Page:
- The Washington Times - Tuesday, August 25, 2009


This is no way to treat kinfolks, but cousins don’t always count. Napoleon described England as a nation of shopkeepers, and shopkeepers are always on the scout for opportunities to pinch a penny. Besides, “loyalty,” like “morality,” does not apply to nations.

Old Blighty is awash in high government officials blaming someone else for the incredible decision to send the Lockerbie bomber back to a hero’s welcome in Libya. They’re afraid the Americans will take out their considerable anger on chips and fish-eating surrender monkeys. There are already the usual threats of a consumer boycott, particularly of goods from Scotland, whose government is officially responsible for sending Abdel Baset al-Megrahi home to die. There’ll be no more two-ply cashmere sweater sets for Christmas.

Kenny MacAskill, the Scottish justice minister who freed al-Megrahi, insists the decision was his and only his. But nobody believes him. Nearly everyone thinks Gordon Brown, the prime minister, is the true author of the scheme to trade al-Megrahi for the restoration of trade between Britain and Libya. Al-Megrahi was, after all, convicted only of aiding in the destruction of the Pan Am Boeing 747 in which 287 men, women and children — including 189 Americans — died just before Christmas in 1988. It’s not like he killed Lord Mountbatten, Lady Bountiful or the twelfth Earl of Sandwich.

Mr. MacAskill, who feels circumstances beyond his control beginning to close in on him, says he asked the British government for its “views” before releasing the terrorist to Col. Moammar Gadhafi, the Libyan tyrant who starred in the nightmares of an earlier generation of Western diplomats.

“They declined to do so. They simply informed me that they saw no legal barrier to transfer and that they gave no assurances to the U.S. government at the time. They declined to offer a full explanation. I therefore do not know what the exact nature of those discussions was, nor what may have been agreed between governments.”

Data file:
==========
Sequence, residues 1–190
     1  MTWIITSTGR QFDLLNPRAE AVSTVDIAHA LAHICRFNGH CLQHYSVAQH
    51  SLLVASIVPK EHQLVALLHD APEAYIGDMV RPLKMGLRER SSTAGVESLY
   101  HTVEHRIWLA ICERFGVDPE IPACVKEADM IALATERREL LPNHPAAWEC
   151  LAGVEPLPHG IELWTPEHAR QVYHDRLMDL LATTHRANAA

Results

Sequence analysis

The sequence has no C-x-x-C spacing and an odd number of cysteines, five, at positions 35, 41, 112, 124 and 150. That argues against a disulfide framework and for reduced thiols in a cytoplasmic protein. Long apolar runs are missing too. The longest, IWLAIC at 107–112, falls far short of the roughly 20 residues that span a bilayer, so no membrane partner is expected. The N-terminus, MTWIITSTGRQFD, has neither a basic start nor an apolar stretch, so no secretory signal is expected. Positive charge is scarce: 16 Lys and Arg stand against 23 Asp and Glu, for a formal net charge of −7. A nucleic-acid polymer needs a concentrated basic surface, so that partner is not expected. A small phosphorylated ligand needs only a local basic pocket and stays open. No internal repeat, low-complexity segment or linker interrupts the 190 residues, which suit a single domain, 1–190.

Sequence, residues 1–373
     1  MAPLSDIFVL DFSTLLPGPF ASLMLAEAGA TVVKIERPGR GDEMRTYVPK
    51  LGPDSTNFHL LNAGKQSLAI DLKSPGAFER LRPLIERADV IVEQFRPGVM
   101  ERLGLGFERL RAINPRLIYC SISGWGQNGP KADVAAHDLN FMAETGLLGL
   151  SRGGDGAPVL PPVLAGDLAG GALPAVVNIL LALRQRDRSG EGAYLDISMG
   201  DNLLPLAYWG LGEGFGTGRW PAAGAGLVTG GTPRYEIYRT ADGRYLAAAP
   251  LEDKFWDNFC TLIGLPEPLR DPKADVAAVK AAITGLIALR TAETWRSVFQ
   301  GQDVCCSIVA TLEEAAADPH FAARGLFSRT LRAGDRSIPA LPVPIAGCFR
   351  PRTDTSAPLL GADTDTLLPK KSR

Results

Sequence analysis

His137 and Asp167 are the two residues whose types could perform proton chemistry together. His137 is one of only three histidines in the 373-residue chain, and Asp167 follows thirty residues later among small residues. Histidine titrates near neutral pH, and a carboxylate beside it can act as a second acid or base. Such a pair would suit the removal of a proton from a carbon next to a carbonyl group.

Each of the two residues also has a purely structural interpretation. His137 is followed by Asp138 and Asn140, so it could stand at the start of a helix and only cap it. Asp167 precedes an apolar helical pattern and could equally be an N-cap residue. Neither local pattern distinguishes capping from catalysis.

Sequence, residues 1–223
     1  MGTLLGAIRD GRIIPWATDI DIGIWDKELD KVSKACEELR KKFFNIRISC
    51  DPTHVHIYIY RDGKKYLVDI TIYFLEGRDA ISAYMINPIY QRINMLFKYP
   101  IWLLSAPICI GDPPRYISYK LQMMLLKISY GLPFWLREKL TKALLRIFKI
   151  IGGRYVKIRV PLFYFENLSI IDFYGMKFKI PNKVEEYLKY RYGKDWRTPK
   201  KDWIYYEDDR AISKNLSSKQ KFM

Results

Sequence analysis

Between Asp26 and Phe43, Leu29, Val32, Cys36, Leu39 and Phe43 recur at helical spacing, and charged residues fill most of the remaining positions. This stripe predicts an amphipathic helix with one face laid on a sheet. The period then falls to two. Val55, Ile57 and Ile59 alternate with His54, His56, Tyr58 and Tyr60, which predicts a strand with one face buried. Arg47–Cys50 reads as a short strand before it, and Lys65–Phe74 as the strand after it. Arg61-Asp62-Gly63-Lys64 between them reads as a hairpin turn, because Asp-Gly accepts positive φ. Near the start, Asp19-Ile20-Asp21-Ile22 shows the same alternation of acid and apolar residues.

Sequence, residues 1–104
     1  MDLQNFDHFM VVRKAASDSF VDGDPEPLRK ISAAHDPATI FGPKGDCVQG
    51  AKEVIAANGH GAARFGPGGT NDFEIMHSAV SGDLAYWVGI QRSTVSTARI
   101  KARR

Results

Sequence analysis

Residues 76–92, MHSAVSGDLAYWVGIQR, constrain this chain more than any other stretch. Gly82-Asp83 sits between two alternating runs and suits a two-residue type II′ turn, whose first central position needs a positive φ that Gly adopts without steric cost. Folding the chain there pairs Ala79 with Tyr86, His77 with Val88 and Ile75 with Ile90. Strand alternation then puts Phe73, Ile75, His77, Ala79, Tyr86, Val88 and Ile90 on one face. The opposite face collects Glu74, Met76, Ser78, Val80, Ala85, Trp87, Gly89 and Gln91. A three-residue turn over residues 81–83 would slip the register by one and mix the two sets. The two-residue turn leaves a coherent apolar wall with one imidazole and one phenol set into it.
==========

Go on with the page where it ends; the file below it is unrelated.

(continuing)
Cabinet officers and diplomats, alas, always play the shell game when they have to explain their wretched decisions. Mr. MacAskill is no doubt correct that he was never told of “the exact nature” of his government’s deal with Col. Gadhafi. No one showed him the cable traffic, no one showed him the memoranda spelling out what the release of the terrorist would be worth to Britain, no one showed him a written contract with the requisite references to the parties of the first and second part. That does not mean, of course, that he didn’t know what was going on. The piano player in the bordello may not know “the exact nature” of what’s going on upstairs, but he usually has a pretty good idea that nobody is reading from the Gideon Bible on the bedside table.

The British prime minister is playing the shell game, too, trying to divert attention from the real issue — the release of an unrepentant terrorist — with lugubrious attention to an embarrassing irrelevancy, the hero’s homecoming the Libyans gave the terrorist. The prime minister plays victim, too: “He found the scenes at Tripoli airport thoroughly distasteful,” and he has expressed his “dismay” to the colonel and his government.

Only a rube complains when he falls for a trick by an Arab sheik, and Gordon Brown’s pathetic excuse is a reminder of what the West has become. Even before the terrorist landed in Tripoli to the hosannas of the mob, the colonel’s sons were boasting of the deal their daddy made; Daddy himself said the trade would be “positively reflected in all areas of co-operation between the two countries.”

The White House professes to be shocked — shocked! — that the British would abuse Anglo-Saxon justice so easily, even risking damage to “the special relationship.” But these are phony sentiments, too. President Obama makes the apology to those who wish America harm, performed with the full grovel, the grace note of his administration. He went almost to Mecca to bow to the Saudi throne. Why shouldn’t the Scots and the British follow the Obama example, to go squishy soft in dealing with terrorists?

Imitation is the highest form of flattery, and this is their thanks to the president for spreading the Obamamania that’s making the world such a wet, warm and wonderful place.

• Wesley Pruden is editor emeritus of The Washington Times.

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